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How to Start a Small Business

by Gwen F.

December 18, 2018

Action Guides 11 min read

Ultimate Guide: How to Start a Small Business?

The number of entrepreneurs planning to start a business has risen from 46% in 2017 to 53% in 2018. Yet, the average small business survives for at least two to five years.
With such a reality, you need a solid strategy to ensure your new business survives (in the short term) and thrive (in the long run). Because you’re starting up, let’s first focus on getting your business to survive. And don’t be discouraged.
We’ll stack the odds in your favour with this guide.

Beginner's Guide to Starting a Small Business

1. Ask yourself: Why do you want to start a business?

Ask yourself: Why do you want to start a business?

Think about it. Why do you want to start a business? For flexible hours? For passion? For unlimited income potential? To meet a need in the market?
Weigh the pros and cons for yourself and decide if starting a business is for you.

Pros Cons
Freedom & control – You get to be your own boss and make your own decisions This includes your working hours, dress code, office, and more.
Profits – You get what you earn in full, minus expenses and debt; not a paycheck.
Passion – You get to start a business in an industry or niche you enjoy. This gives you an extra drive to do well in your venture.
Loss of capital – The money you’ve invested in the business could be depleted even before you make any money.
Responsibility & workload – Handling customers, hiring staff, accounting, processing paperwork, and more. You sometimes have to deal with emergencies at odd hours.
Competing against well-known businesses – It could be hard to make yourself known to people who already have their go-to brands.

No matter your reasons, you need to be willing to bear the risks. And making money has to be a priority if you want to survive your first year.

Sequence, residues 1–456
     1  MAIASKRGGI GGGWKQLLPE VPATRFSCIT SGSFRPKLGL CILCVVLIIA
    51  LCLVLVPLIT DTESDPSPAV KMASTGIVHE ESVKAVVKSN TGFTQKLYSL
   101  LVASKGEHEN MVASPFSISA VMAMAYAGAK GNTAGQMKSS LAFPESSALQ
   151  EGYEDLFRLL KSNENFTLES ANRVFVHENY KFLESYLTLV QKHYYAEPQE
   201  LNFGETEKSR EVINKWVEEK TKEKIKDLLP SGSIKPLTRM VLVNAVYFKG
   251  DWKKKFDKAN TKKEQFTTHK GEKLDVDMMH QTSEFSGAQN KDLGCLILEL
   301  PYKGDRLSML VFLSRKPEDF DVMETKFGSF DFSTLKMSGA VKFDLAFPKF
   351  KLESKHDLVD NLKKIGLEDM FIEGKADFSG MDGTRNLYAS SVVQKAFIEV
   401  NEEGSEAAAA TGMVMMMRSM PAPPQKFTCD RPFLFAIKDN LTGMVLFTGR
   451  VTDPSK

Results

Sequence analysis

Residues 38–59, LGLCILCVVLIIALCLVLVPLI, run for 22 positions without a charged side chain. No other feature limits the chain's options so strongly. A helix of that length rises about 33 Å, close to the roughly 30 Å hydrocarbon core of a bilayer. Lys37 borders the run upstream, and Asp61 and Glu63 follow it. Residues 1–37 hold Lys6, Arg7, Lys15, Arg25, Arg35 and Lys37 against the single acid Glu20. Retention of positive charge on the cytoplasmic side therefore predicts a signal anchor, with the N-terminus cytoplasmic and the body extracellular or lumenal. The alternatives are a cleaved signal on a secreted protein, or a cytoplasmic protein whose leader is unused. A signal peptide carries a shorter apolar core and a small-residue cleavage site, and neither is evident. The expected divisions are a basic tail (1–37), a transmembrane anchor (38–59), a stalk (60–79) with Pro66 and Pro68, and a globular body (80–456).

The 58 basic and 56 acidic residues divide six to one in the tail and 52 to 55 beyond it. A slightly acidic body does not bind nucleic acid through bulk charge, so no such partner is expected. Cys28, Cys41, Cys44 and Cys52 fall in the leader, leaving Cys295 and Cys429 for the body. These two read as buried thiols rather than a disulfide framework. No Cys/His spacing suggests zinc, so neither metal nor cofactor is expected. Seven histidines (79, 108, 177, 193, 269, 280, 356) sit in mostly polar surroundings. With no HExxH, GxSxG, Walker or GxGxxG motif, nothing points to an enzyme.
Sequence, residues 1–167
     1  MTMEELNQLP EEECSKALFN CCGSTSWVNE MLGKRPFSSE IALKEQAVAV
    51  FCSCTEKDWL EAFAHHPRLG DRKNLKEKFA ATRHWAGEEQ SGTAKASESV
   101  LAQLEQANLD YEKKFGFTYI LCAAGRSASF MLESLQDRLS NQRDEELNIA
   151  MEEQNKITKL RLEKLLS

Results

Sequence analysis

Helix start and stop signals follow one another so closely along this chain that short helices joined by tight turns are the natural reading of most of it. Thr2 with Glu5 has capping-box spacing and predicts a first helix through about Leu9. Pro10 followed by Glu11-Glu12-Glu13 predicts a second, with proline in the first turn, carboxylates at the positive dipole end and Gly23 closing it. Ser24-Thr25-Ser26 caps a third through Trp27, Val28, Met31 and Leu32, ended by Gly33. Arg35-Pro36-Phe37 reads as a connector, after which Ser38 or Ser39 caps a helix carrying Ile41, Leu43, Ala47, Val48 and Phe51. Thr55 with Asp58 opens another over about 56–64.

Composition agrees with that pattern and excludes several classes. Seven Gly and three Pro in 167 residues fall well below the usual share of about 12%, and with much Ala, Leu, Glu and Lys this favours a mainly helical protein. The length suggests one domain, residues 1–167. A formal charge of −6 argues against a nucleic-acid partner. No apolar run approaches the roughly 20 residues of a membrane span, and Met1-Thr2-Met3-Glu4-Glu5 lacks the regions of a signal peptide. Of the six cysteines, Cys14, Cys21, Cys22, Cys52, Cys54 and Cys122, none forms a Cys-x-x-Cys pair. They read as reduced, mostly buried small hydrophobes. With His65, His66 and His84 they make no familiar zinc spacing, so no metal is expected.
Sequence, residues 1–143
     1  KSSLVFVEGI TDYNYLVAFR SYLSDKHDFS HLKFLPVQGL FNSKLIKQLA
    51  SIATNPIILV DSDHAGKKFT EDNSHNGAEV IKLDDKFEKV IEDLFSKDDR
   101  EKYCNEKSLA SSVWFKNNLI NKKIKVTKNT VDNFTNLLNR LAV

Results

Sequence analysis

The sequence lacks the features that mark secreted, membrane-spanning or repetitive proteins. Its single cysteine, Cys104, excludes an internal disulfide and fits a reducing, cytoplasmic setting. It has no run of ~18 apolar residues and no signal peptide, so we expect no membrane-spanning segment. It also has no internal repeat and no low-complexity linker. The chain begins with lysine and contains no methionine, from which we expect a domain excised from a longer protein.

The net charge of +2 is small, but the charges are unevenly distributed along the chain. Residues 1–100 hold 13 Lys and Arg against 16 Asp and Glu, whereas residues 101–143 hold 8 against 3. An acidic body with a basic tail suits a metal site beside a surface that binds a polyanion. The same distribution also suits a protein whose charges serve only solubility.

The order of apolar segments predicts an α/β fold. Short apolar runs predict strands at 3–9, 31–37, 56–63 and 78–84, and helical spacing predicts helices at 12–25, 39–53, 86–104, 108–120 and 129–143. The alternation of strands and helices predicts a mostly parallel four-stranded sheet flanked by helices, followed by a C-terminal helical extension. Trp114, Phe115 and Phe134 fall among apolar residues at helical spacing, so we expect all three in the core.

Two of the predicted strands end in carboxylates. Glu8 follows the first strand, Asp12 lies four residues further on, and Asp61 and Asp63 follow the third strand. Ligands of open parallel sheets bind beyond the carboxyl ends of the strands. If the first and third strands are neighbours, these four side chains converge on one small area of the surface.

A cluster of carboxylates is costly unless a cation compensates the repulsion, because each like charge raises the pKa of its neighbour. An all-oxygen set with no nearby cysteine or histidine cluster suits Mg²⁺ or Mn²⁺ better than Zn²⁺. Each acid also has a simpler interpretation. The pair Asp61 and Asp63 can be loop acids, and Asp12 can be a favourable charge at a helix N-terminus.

To be clear, all successful businesses have a good business model – a specific plan on how the business makes money to cover expenses (in both the short and long run). Passion gives you drive at the beginning but will eventually be lost if you aren’t making money. And flexible hours are meaningless if you get into debt.

2. Come up with a business idea (and consider profitability)

Come up with a business idea (and consider profitability)

Make sure your business idea is profitable. Even if you’re in it for the thrill and passion of entrepreneurship, your business has to make money.
Think about trends and tech advancements. Could you make use of new advancements to solve a consumer problem? And can you do it before more competitors crowd the market?
For example, Larry Kim (founder of WordStream), jumped on the AI chatbot trend and established MobileMonkey – a company that builds marketing bots for messaging systems. There was a gap in the market for it, especially with Facebook Messenger emphasising on chatbots.
Solve pain points of consumers. Entrepreneurship is about solving your ideal customer’s problem. Can your business solve an existing pain point for a specific industry? Take the time to learn your ideal customer’s needs and use it to your advantage. People will buy products and services that make their lives easier.
For example, the idea of Airbnb came about when Joe Gebbia and Brian Chesky were struggling to pay their rent in 2007. Since a design conference was coming and hotels were overbooked, they decided to rent out three airbeds in their living room.